In Conversation With . . . Stacey Kent, Part I

Stacey Kent is an American jazz chanteuse with a large and zealous worldwide cult following. Her meticulous, understated phrasings and deeply sensitive renderings of standards and original tunes have won her many accolades and enthusiastic reviews. She sings in both English and French.

Stacey began her musical career after completing a Masters degree in comparative literature. Now, after six bestselling albums last year (with many songs co-written by friend and acclaimed novelist Kazuo Ishiguro) she just released Raconte-moi and will soon release an album based on Brazilian music. Recently she took the time to talk with Wanda Waterman St. Louis about her early?and ongoing?search for musical treasures.

The Quest

I don’t come from a ?musical family,? but music was a very important part of my upbringing. My most powerful memories are of being a little kid, getting off the bus after school, running up to my room, closing my door, and putting on my music. That was everything to me.

I had older siblings, so I was also listening to what they were listening to. I made discoveries through my friends and my friends? siblings. Everything I could find I would listen to, and this led me from one record to another. Even in places where you wouldn’t expect to find music, I would be listening. Even when I was out shopping with my mother, I would be in a shop and the music would be on and I would tune in to it. I suppose other people were just passing by without noticing the music was there.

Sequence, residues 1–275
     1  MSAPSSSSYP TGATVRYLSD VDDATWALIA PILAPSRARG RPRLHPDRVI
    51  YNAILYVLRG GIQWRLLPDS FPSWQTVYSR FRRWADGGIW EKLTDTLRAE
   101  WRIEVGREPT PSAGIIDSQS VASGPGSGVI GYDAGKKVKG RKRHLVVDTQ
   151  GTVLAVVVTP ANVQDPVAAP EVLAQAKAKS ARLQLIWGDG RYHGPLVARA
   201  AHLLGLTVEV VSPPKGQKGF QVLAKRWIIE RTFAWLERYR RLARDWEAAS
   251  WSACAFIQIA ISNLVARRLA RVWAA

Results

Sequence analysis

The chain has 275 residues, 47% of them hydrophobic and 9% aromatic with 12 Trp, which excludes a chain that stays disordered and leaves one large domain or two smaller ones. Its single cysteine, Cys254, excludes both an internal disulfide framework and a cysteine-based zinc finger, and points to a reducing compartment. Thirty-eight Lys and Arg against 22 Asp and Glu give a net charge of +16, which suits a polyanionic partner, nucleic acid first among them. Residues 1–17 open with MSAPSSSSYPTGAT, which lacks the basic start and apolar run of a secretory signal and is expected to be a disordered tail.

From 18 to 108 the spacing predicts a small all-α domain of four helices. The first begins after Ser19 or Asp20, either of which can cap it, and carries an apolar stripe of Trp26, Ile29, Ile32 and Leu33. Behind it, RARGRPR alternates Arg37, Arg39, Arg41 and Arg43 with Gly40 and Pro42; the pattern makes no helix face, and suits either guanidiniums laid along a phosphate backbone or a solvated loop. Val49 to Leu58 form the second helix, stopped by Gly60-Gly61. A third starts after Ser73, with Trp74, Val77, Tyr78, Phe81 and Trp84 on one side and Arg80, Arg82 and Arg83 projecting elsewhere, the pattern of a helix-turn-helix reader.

My parents were very into classical music, so I discovered classical composers through them?Ravel and Debussy and Maria Callas and Prokofiev?and I loved it and it moved me. Even when I was little I knew that there were certain chord progressions that touched me, that made me cry. But I didn’t take it any further than that.

My brothers and sisters were quite a bit older than I was, so there was kind of a hippie movement in the house; I listened to Crosby, Stills, and Nash, and Neil Young. Then it was Aretha Franklin and Louis Armstrong and Ella Fitzgerald. There were lots of movies going on in the house too, so I was listening to Julie Andrews and Barbra Streisand.

One of my sister’s friends was listening to Django Reinhardt and I remember going to her house and hearing Django playing in her bedroom. I stopped at the door and said, ?What’s that?? She said, ?That’s Django,? and she made me a cassette tape to take home. I looked at the titles and the list of personnel, because she had written it all out for me, and I discovered other names through that. I discovered Benny Carter and went to the record store looking for him.

I don’t think it was a quest to find anything specific? it was just a quest to make discoveries.

I bought a record called Ella & Duke at the Cote d?Azur, and I loved the cover?it was black and white and grainy?and the music was live and very real. I took this record home and listened to it a gazillion times, without knowing what jazz was. I didn’t know what the categories were, and I didn’t care at that point. It was all just very eclectic and pretty wonderful.

My parents knew that I was musical and they encouraged it, but there were no musicians in our family. It was never discussed that I would or wanted to be a musician, but whenever there was a gathering I was the one who was asked to sing and perform for it.

I went to college and got a degree in comparative literature, which was something that was very important to me, and I think it helped fuel what I do today. But it was always a hobby, it was always on the sidelines, and it wasn’t until after college that I realized that I could actually pursue this thing.

(To be continued next week.)